An empty cartridge tinkled down at Bond's feet. He heard the click of the next round going into the chamber.
The man's fingers scrabbled briefly at the cobbles. His shoes knocked on the road. Then he lay absolutely still.
Kerim grunted. The rifle came down off Bond's shoulder. Bond listened to the noises of Kerim folding up the gun and putting away the Sniperscope in its leather case.
Bond looked away from the sprawling figure in the road, the figure of the man who had been, but was no more. He had a moment of resentment against the life that made him witness these things. The resentment was not against Kerim. Kerim had twice been this man's target. In a way it had been a long duel, in which the man had fired twice to Kerim's once. But Kerim was the cleverer, cooler man, and the luckier, and that had been that. But Bond had never killed in cold blood, and he hadn't liked watching, and helping, someone else do it.
Kerim silently took his arm. They walked slowly away from the scene and back the way they had come.
Kerim seemed to sense Bond's thoughts. 'Life is full of death, my friend,' he said philosophically. 'And sometimes one is made the instrument of death. I do not regret killing that man. Nor would I regret killing any of those Russians we saw in that office today. They are hard people. With them, what you don't get from strength, you won't get from mercy. They are all the same, the Russians. I wish your government would realize it and be strong with them. Just an occasional little lesson in manners like I have taught them tonight.'
'In power politics, one doesn't often have the chance of being as quick and neat as you were tonight, Darko. And don't forget it's only one of their satellites you've punished, one of the men they always find to do their dirty work. Mark you,' said Bond, 'I quite agree about the Russians. They simply don't understand the carrot. Only the stick has any effect. Basically they're masochists. They love the knout. That's why they were so happy under Stalin. He gave it them. I'm not sure how they're going to react to the scraps of carrot they're being fed by Khrushchev and Co. As for England, the trouble today is that carrots for all are the fashion. At home and abroad. We don't show teeth any more–only gums.'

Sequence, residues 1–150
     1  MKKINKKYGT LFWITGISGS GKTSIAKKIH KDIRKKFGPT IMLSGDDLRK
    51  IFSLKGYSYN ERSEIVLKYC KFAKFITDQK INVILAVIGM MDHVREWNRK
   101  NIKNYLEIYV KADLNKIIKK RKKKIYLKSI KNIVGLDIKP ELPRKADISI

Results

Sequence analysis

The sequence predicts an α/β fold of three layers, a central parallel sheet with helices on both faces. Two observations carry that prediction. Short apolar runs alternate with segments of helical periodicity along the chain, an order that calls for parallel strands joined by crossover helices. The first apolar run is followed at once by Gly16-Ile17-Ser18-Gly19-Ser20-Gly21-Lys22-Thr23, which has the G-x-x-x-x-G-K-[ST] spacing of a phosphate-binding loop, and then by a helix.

Kerim laughed harshly, but made no comment. They were climbing back up the stinking alley and there was no breath for talk. They rested at the top and then walked slowly towards the trees of the Hippodrome Square.
'So you forgive me for today?' It was odd to hear the longing for reassurance in the big man's usually boisterous voice.
'Forgive you? Forgive what? Don't be ridiculous.' There was affection in Bond's voice. 'You've got a job to do and you're doing it. I've been very impressed. You've got a wonderful set-up here. I'm the one who ought to apologize. I seem to have brought a great deal of trouble down on your head. And you've dealt with it. I've just tagged along behind. And I've got absolutely nowhere with my main job. M will be getting pretty impatient. Perhaps there'll be some sort of message at the hotel.'
But when Kerim took Bond back to the hotel and went with him to the desk there was nothing for Bond. Kerim clapped him on the back. 'Don't worry, my friend,' he said cheerfully. 'Hope makes a good breakfast. Eat plenty of it. I will send the car in the morning and if nothing has happened I will think of some more little adventures to pass the time. Clean your gun and sleep on it. You both deserve a rest.'
Bond climbed the few stairs and unlocked his door and locked and bolted it behind him. Moonlight filtered through the curtains. He walked across and turned on the pink-shaded lights on the dressing-table. He stripped off his clothes and went into the bathroom and stood for a few minutes under the shower. He thought how much more eventful Saturday the fourteenth had been than Friday the thirteenth. He cleaned his teeth and gargled with a sharp mouthwash to get rid of the taste of the day and turned off the bathroom light and went back into the bedroom.